On December 11, 1890 the pair was married in Philadelphia’s cathedral by Archbishop Corrigan in the social event of the year and shortly thereafter moved to New York City. Over the course of their 22 year marriage, Lucy bore eight children. They had an imposing mansion at 812 Madison Avenue at 68th Street as well as a “country seat” at Lawrence, Long Island.
While Dahlgren was comfortably wealthy, Lucy's personal fortune was substantial. Upon the death of her father she inherited $20 million and in 1912 she received another $5 million from her mother’s estate.
Things in the Dahlgren household soured when the devout Catholic Lucy discovered that her husband had committed “misconduct” on the 13th and 14th of March 1912 at an apartment house at 54 East 59th Street, just two months after her mother’s death. Within a week she filed for absolute divorce in a handwritten complaint. The New York Times reported “the reason it had not been typewritten was that Mrs. Dahlgren wished the suit to be filed at once.”
Lucy gathered up her eight children, ages 9 through 21, and steamed off to Paris to wait out the proceedings. Eric took up lodging in the University Club. When it seemed that her husband might make things difficult, Lucy threatened to make the already-scandalous hearings public. Eric relented.
While abroad, Lucy was introduced to Ogden Codman, Jr., an architect and interior designer born to a prestigious old Boston family who had grown up in Paris. Codman had fallen in love with everything French, including its architecture. He wrote, in partnership with Edith Wharton, the widely-read Decoration of Houses and from his office in New York City had decorated mansions for New York's old guard including Cornelius Vanderbilt II – refusing commissions from the nouveau riche. The pair became socially friendly.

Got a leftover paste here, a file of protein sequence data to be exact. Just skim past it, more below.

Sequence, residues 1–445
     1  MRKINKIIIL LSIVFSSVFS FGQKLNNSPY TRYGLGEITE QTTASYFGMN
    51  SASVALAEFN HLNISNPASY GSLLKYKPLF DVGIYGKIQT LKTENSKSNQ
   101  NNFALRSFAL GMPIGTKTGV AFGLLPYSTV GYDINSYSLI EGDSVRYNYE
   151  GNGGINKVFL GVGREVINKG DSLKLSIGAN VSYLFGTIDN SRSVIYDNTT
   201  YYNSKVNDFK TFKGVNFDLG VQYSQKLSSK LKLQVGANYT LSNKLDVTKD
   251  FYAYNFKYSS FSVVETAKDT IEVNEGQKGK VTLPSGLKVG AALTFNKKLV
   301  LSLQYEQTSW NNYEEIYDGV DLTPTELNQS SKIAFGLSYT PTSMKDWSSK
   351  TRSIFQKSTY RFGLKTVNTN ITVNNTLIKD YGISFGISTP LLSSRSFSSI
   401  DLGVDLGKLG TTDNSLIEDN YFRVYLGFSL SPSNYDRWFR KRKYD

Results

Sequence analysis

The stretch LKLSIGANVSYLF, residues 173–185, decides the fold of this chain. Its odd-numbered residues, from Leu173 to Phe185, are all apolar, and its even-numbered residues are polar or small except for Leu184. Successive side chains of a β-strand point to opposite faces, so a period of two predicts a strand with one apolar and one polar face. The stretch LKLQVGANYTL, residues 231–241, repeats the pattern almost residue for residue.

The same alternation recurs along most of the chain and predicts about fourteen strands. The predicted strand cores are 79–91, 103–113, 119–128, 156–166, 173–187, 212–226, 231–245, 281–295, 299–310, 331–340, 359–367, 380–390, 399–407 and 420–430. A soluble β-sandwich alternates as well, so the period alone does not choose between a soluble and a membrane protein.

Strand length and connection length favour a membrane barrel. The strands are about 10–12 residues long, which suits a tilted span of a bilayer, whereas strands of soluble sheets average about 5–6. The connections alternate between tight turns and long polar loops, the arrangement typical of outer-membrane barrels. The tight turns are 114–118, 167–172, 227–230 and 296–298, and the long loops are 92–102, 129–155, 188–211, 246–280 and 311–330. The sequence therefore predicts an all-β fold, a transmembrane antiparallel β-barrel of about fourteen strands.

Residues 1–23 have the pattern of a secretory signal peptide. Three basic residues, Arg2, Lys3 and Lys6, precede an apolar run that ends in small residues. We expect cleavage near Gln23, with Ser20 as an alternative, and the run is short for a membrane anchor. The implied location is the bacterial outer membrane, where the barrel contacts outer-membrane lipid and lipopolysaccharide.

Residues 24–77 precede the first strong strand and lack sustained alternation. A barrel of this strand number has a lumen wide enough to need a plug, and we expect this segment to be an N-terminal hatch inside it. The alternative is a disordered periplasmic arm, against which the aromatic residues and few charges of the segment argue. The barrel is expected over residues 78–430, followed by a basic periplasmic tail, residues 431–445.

A year later, the divorce decree was granted and Lucy Drexel Dahlgren returned to New York, establishing herself temporarily at 11 East 45th Street. She was, however, not done with Eric Dahlgren.
Immediately after the divorce was finalized, Lucy’s attorney demanded the keys to the Madison Avenue mansion from Eric Dahlgren. Insisting that the furnishings had been purchased with her money, Lucy wanted them back. Eric resisted.
She had the house burglar-alarmed (The Times reported that “The Holmes protective wires, which were so skillfully eluded by the robbers in the Hester Street pawnshop, were strung about the house, so that no raid on the property could be made without causing complications”) and stationed sheriff’s deputies at the door. Once again Eric was forced to give in and the house was emptied of the furniture, artwork, silver and glassware. “The one room which the movers left untouched was the big room at the second story back – Mr. Dahlgren’s bedroom,” said The Times.
Unable to maintain the upkeep, Dahlgren lost the Madison Avenue house to foreclosure by the Mutual Life Insurance Company. On November 3, 1914 a “To Let” sign was hung on the door.